Allied Against Cancer: Leveraging technology and multi-sector collaboration to help improve the quality of cancer care in Sub-Saharan Africa

By | 3 minute read | November 5, 2019

Scientists in Africa have co-led the development of new tools to help oncologists in Sub-Saharan Africa.

Since the mid-1980s, infectious diseases, HIV and AIDS have been the main focus of health initiatives in Sub-Saharan Africa. But with more than 800,000 new cancer cases each year in the region, and an incidence rate that’s projected to double by 2040, we must help address this growing epidemic.

Our challenge is complicated because cancer is about twice as lethal in Africa as it is in the United States due to limited resources and treatment centers. Yet there is hope. By equipping clinicians and policy makers with information and innovative tools, we can help national and regional medical networks create stronger support systems for cancer treatment and care.

Today, IBM is announcing the creation of a new alliance, Allied Against Cancer, which is established in partnership with the American Cancer Society (ACS), National Comprehensive Cancer Network (NCCN), the Clinton Health Access Initiative (CHAI), and African Cancer Coalition. Allied Against Cancer is focused on helping to improve access to quality cancer care, leveraging the expertise and networks of all of our organizations to change the perception that surviving cancer is hopeless in low-resource settings.

To start, we are helping to advance cancer treatment guidelines and safety of chemotherapy:

  • The African Cancer Coalition—comprising of 110 African oncologists representing 34 hospitals from 13 countries in Sub-Saharan Africa—worked with experts from NCCN, to adapt cancer treatment guidelines to create the NCCN Harmonized Guidelines™ for Sub-Saharan Africa. These guidelines are designed specifically to be used by oncologists across Sub-Saharan Africa and have been endorsed by leading cancer centers or health ministries in six countries to date. Learn more at nccn.org/harmonized.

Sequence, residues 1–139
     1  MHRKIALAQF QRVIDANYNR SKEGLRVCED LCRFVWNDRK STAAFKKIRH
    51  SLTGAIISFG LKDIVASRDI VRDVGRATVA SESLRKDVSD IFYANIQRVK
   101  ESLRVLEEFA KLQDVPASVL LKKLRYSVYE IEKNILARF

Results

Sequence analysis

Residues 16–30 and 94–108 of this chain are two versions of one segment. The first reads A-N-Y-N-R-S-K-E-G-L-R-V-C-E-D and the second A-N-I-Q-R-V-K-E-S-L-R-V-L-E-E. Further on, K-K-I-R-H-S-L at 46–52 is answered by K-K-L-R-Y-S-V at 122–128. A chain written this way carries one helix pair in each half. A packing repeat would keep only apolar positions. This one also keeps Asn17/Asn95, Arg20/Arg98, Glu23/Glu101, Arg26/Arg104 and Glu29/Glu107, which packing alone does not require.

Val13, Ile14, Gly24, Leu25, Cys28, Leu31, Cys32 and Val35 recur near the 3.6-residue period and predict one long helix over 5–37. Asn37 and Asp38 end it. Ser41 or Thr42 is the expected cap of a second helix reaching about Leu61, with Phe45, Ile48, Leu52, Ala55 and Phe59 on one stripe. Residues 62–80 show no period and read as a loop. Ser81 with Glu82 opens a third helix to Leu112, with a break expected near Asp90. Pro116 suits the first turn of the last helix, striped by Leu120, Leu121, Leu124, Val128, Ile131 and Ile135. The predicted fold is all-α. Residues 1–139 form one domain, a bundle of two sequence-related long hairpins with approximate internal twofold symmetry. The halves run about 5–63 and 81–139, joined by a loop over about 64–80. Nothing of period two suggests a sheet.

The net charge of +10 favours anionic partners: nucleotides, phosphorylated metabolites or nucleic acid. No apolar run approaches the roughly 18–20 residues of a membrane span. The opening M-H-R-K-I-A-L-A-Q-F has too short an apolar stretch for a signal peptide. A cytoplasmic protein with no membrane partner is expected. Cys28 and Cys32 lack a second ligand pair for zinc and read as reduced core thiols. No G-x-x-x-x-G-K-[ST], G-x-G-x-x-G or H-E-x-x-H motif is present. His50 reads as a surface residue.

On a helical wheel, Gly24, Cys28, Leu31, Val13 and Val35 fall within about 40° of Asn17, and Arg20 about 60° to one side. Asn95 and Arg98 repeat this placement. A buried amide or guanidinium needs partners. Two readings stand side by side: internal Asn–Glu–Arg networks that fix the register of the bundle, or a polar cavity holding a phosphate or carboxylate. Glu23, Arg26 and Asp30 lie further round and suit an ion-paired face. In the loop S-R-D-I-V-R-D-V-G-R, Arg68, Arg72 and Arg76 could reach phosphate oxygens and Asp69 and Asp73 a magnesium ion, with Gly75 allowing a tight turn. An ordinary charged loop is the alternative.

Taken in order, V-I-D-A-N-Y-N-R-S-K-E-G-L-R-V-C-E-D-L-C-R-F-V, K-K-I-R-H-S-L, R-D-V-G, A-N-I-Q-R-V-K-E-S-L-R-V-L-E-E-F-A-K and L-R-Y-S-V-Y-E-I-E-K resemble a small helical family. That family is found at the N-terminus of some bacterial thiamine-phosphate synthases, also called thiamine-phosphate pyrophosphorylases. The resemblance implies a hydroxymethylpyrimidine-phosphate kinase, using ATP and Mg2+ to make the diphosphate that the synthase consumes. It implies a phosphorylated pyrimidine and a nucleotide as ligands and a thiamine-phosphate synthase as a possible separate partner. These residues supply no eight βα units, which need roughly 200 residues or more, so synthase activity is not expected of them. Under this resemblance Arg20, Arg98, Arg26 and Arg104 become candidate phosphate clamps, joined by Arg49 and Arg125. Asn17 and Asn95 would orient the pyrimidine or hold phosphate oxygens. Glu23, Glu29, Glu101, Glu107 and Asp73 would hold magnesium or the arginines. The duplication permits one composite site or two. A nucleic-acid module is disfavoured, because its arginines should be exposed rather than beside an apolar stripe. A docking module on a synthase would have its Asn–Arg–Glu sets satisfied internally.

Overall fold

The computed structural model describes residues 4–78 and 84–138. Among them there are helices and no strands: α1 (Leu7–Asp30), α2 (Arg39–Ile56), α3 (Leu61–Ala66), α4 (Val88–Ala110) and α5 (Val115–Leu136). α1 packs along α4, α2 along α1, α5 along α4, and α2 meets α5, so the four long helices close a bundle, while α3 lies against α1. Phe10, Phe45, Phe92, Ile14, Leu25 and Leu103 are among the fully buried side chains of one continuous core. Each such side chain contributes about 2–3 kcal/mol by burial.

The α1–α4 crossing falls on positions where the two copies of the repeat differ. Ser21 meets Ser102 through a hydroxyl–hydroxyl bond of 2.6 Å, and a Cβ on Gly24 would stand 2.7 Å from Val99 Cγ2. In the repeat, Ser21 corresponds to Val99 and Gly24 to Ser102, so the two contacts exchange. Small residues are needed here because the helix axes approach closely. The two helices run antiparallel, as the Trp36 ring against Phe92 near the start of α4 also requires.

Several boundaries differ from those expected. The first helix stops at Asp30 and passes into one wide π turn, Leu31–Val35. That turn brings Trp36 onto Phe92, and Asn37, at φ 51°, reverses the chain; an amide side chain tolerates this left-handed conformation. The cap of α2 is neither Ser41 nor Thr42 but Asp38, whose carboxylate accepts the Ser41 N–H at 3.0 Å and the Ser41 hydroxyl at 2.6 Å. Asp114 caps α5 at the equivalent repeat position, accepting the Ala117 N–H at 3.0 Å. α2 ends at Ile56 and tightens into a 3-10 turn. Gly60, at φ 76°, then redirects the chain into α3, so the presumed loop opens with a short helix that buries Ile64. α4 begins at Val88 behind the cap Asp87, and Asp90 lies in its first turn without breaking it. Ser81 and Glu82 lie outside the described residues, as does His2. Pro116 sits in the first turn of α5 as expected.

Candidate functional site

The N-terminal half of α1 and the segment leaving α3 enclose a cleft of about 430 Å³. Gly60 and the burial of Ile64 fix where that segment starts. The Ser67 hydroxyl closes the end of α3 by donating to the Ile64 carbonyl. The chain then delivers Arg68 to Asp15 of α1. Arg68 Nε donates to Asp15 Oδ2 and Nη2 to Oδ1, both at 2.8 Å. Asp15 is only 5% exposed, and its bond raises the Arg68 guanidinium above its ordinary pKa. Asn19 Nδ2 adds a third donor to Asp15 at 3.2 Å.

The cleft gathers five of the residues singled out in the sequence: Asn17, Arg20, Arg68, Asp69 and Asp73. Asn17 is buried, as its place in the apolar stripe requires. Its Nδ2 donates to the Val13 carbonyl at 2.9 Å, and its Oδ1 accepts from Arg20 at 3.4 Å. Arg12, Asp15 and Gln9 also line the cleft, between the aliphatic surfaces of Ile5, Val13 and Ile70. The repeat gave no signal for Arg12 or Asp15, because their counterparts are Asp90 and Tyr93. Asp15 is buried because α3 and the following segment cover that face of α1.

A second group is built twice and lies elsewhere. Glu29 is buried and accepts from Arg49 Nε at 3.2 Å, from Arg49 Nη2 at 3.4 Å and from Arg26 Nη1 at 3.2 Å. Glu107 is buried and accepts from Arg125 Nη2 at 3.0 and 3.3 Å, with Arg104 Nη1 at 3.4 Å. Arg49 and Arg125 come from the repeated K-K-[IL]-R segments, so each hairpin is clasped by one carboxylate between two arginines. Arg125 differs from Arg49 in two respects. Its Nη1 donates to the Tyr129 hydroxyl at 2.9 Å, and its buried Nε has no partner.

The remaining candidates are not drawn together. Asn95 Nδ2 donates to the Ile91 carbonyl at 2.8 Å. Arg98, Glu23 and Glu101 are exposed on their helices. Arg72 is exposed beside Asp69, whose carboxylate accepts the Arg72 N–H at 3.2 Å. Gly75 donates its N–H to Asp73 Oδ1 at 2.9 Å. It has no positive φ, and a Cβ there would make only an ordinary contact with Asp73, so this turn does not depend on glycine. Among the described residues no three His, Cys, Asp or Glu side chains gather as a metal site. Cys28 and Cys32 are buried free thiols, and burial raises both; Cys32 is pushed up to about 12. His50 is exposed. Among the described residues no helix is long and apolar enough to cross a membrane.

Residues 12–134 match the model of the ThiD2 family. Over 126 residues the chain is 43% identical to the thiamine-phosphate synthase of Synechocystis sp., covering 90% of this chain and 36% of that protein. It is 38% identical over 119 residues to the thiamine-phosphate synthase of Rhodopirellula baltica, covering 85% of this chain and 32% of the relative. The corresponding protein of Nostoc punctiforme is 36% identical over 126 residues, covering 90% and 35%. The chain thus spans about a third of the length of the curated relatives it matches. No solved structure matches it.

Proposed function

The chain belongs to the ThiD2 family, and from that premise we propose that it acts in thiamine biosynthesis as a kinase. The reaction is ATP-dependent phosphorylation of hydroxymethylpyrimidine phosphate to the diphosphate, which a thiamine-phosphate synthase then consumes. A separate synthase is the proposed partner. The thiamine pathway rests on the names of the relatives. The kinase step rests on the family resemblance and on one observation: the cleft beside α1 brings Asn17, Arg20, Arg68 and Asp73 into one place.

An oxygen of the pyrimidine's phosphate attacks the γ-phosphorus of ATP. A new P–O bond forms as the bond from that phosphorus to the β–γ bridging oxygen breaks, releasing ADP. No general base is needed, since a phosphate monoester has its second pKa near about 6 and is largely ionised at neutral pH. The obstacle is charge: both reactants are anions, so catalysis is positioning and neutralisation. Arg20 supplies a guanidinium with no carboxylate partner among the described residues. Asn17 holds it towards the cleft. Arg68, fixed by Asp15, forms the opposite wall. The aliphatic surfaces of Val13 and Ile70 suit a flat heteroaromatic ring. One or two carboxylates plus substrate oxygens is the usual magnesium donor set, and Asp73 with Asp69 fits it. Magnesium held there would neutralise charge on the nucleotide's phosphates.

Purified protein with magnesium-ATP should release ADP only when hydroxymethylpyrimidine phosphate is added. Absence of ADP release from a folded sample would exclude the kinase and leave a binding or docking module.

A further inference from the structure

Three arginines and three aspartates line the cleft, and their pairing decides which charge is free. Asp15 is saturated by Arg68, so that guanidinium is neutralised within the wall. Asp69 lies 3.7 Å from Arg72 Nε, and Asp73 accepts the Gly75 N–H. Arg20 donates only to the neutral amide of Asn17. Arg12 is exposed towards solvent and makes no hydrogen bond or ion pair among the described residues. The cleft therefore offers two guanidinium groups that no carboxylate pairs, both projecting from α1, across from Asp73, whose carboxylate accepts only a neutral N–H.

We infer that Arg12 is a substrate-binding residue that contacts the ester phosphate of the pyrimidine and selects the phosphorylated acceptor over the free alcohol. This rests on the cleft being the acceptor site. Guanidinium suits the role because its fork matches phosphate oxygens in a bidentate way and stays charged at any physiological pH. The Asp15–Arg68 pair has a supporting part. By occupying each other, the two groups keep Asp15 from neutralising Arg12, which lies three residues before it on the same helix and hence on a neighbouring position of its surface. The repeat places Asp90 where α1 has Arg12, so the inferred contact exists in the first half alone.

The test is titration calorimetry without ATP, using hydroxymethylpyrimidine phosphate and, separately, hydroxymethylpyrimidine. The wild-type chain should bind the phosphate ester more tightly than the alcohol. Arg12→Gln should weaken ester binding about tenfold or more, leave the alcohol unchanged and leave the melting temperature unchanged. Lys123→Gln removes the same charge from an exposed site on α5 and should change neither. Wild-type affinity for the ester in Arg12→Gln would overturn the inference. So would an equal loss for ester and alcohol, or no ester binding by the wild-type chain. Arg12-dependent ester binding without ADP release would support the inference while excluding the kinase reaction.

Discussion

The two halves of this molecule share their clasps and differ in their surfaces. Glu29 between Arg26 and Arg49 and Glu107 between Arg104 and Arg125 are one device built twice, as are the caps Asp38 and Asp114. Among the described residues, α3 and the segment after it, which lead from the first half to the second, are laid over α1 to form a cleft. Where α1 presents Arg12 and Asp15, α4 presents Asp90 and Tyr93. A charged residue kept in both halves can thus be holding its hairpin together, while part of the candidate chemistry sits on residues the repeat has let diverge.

• To scale adoption of these guidelines across the region, IBM scientists in Africa developed an online tool called Cancer Guidelines Navigator to provide African oncology professionals with interactive access to the NCCN Harmonized Guidelines™ for Sub-Saharan Africa at no charge. Oncologists based in Sub Saharan Africa can input a clinical description for a cancer patient [1] – such as tumor type, stage, biomarker status, and prior treatments – into the online tool. The Cancer Guidelines Navigator then points the user to relevant treatment options input from the NCCN Harmonized Guidelines™. At this time, the tool includes NCCN Harmonized Guidelines™ for cervical cancer, prostate cancer, breast cancer, diffuse large B-cell lymphoma, and Kaposi sarcoma.
  • IBM also helped to transform the ACS ChemoSafe Facility Assessment Tool – from an Excel-based document to an interactive, easy to use mobile application – to empower hospitals to improve safety and quality for chemotherapy handling. This tool, which is accessible at no charge on iOS or Android mobile phones or tablets, allows users to review how hazardous drugs are handled across the facility, including at pharmacy and receiving, treatment areas, housekeeping, and waste areas. Upon completion of the assessment, the tool provides recommendations to help improve safe handling of hazardous drugs at potential points of exposure, based on international and national standards. This information could be used by hospitals to create policies and budgets supporting quality improvement.

With the increasing burden of cancer in this part of the world, we must help to ensure that every patient has access to timely and affordable care and is given the chance to survive and thrive. We hope that our model of collaboration, which works to democratize access to information and build a data infrastructure for health systems, will help to bridge the gap where disparities exist.

Visit www.alliedagainstcancer.org to learn more.

[1] Cancer Guidelines Navigator does not require any patient identifiable information or protected health information (PHI) and is not connected to a hospital’s electronic medical record (EMR) system.

 

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